The warehousing market has changed significantly as robotics and automation take many of the jobs previously done by humans. If small changes and improvements were enough to make companies happy, now we need too look at higher margins and improvement rates. We spoke to Simon Jones, UK Sales Executive at Exotec, about the changing nature of the warehouse and what rocks the boat, both positively and negatively.
Simon, what tech is transforming the warehouse?
To understand the tech that is transforming the warehouse environment, we have to first look at the challenges that are impacting warehouse providers. That’s because the majority of tech that is evolving the warehouse of today addresses these key challenges, from labour shortages to unreliable supply chains.
There has been an emergence of robotics solutions that give providers the solutions they need to deliver flexibility, increased performance and improved scalability compared to fixed automation. We live in uncertain times, and predicting the future is becoming increasingly difficult so providers need to be able to access technology that is adaptable – and that’s where robotics and automation come in.
How are warehouses changing now when labour shortages are defining the industry?
Recently, there has been a much greater focus on productivity in warehouses. Previously, incremental improvements in productivity at a low investment was often good enough, but that’s no longer moving the needle enough. Now, warehouses are seeking solutions that will make 300%-400% improvements in productivity to remove the risk of becoming vulnerable to reduced labour availability and higher labour costs.
There has been some reduction in pressure on the labour market recently, but the pool of potential warehouse employees is still lacking – and this is likely to remain a challenge over the next two or three decades.
Not only are people seeking jobs that are less labour-intensive and perceived as more desirable, in Western Europe, the population is aging, and there are fewer candidates available of working age.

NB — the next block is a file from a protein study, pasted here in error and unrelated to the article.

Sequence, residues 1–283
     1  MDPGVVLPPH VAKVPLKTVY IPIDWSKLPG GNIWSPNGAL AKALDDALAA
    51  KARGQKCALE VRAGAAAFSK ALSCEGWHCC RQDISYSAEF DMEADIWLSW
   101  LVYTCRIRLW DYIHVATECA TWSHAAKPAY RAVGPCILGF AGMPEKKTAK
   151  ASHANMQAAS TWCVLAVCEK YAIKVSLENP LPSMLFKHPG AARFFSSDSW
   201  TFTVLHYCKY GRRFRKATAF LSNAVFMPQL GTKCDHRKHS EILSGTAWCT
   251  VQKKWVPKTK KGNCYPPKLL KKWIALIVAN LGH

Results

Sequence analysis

For picking and fulfilment, this means the adoption of technology that maximises productivity is essential. The result is that goods to person technology is fast replacing less efficient alternatives, which usually involve lots of unproductive walking time.
How to evaluate what solutions are most applicable for each case?
To successfully evaluate which type of solution would be suitable for a warehouse operator and their needs, current and future storage and throughput volumes should be assessed, as well as the types of customers being served.
How about partners and costs: how do you evaluate them?
At Exotec, we believe that a partner should have a good track record, and be able to demonstrate experience within a similar sector to your own. They should also have the confidence to stand behind their system’s performance and commit to high levels of reliability.
In terms of cost, don’t just look at return on investment (ROI). It’s also necessary to consider the scale of the overall impact that the investment will have on a business. It might be a long term payback but the impact that investment has on your operations and competitive advantage could be game changing. It’s also worth looking into financing so that cashflow can be positive from day one.
Lastly, due diligence is essential to ensure that your chosen partner is likely to be around to support the product over the next 10 years and more. Nobody can predict the future but look out for signs that your potential partner is robust enough to still be operating in the next decade or so. ✷